Volatility gets a bad rap.
The media typically portrays it as the financial world’s evil villain personified, saying things like…
“Volatility reared its ugly head on Monday.”
“Volatility is striking fear into the heart of the masses.”
You can almost picture the CGI monster Hollywood would create – the “Volatility Viper” – with its ten snake heads and blood-dripping fangs, snapping at Wall Street suits as they run for their lives.
And after reading enough of this fear-laden commentary on volatility, it’s easy to understand why ordinary investors have become conditioned to fear and avoid it – at any cost!
We’re told to worry about volatility when it’s too low, since that suggests investors are being too complacent – aka, idiots with their heads in the sand.
We’re also supposed to worry when it’s shooting higher, almost as if volatility itself is the cause of the stock market’s drop that day – (Psst: it’s never the cause!)
And even though investors have been clamoring for smooth-sailing investments for years now – as evidenced by the huge amounts of money flowing into “low volatility” stock ETFs – I’m going on record today, to say:
You should put your money to work in high-volatility investments if you want to grow your nest egg into a small fortune.
Although, before I explain why, and how, I want to tackle the three biggest lies you’ve been told about volatility. They’re lies that, if you believe them, are already costing you a fortune.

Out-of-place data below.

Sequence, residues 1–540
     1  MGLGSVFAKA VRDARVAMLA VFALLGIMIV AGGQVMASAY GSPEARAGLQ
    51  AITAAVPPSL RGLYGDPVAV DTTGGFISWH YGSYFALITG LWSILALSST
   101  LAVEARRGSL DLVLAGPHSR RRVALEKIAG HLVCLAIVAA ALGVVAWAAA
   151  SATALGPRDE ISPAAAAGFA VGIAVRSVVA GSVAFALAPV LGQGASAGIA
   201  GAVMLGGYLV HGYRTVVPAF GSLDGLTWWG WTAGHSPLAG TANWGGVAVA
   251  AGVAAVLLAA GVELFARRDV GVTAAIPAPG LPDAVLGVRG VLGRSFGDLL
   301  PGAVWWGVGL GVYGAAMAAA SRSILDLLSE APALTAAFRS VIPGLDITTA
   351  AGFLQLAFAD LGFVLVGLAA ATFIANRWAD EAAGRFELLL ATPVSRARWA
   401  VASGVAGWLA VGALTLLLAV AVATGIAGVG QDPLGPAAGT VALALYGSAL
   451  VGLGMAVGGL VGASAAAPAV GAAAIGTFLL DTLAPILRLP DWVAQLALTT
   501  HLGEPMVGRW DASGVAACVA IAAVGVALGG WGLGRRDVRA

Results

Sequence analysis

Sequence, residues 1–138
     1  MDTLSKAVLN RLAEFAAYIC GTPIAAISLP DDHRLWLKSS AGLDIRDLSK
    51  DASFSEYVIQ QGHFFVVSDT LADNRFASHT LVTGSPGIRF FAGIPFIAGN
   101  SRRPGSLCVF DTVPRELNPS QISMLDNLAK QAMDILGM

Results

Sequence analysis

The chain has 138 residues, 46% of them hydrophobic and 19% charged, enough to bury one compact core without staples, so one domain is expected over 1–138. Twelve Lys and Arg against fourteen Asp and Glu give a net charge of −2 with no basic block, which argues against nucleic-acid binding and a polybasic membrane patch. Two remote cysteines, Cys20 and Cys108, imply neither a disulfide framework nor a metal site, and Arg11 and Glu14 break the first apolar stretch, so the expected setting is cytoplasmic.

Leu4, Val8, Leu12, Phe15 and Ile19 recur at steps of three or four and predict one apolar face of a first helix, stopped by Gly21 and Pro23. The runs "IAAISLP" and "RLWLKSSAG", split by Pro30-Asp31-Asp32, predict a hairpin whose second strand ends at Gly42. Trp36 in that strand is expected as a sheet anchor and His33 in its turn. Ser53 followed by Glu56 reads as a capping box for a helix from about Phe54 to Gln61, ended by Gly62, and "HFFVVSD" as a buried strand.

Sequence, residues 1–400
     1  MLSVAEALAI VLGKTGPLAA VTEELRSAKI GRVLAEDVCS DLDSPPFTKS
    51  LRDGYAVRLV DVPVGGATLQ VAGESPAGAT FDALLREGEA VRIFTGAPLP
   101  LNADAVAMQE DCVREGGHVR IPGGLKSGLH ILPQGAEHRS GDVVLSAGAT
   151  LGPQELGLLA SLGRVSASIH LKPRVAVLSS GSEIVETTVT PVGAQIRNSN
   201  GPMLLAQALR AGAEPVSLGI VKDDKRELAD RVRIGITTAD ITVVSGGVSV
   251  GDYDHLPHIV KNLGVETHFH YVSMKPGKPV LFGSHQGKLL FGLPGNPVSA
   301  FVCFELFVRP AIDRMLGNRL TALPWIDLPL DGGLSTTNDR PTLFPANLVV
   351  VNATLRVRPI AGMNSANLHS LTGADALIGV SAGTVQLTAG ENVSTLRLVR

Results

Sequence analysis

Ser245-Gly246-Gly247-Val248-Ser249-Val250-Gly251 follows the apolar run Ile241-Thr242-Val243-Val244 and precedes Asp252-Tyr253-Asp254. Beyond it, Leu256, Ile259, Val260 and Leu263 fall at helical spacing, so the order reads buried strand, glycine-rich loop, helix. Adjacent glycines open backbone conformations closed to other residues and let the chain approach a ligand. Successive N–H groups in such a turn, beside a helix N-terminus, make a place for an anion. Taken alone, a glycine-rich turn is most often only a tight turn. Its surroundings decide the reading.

1. The biggest lie about volatility is… Volatility is “Bad”
As I told the beta-testers of my new 10x Profits service back in December: Volatility is neither “good,” nor “bad,” – it just “is.”
It’s a simple numerical measure that describes to what magnitude a stock or ETF typically moves – either up or down.
But for some reason, you never hear the financial media talk about upside volatility.
Two weeks ago, when shares of grocery retailer Kroger Co. (NYSE: KR) fell 26% in two days… you read about volatility “rearing its ugly head.”
But when Whole Foods Market (NYSE: WFM) jumped 20% higher over the same two days… I bet you couldn’t find a single headline that read: Volatility Praised for Boosting Whole Foods 20%.
My point is… volatility gets all the blame when it strikes on the downside, and none of the credit for above-average sized moves on the upside.
And that’s why investors have been conditioned to fear “high volatility” investments – even though, assuming the downside volatility can be managed, upside volatility can make the difference between earnrning 8% a year… and earnrning 65% a year!
Bottom line: you need some high-volatility investments in your portfolio if you want to earnrn big profits.
Now, let’s turnrn to the biggest lies told about the most-heavily traded “volatility ETF” in the world… the infamous VXX.
2. VXX “Hedges” the Risk in Stocks
The iPath S&P 500 VIX Short-Term ETN (NYSE: VXX) hit the market in 2009 with a simple and convincing pitch: buy it to “hedge” the risk in your stock portfolio.
Simply put: VXX is designed, in general, to go higher when volatility goes higher. And since volatility tends to rise when the stock market falls… it was billed as an easy way for everyday investors to buy “portfolio insurance.”
Well, that hasn’t actually worked out so well.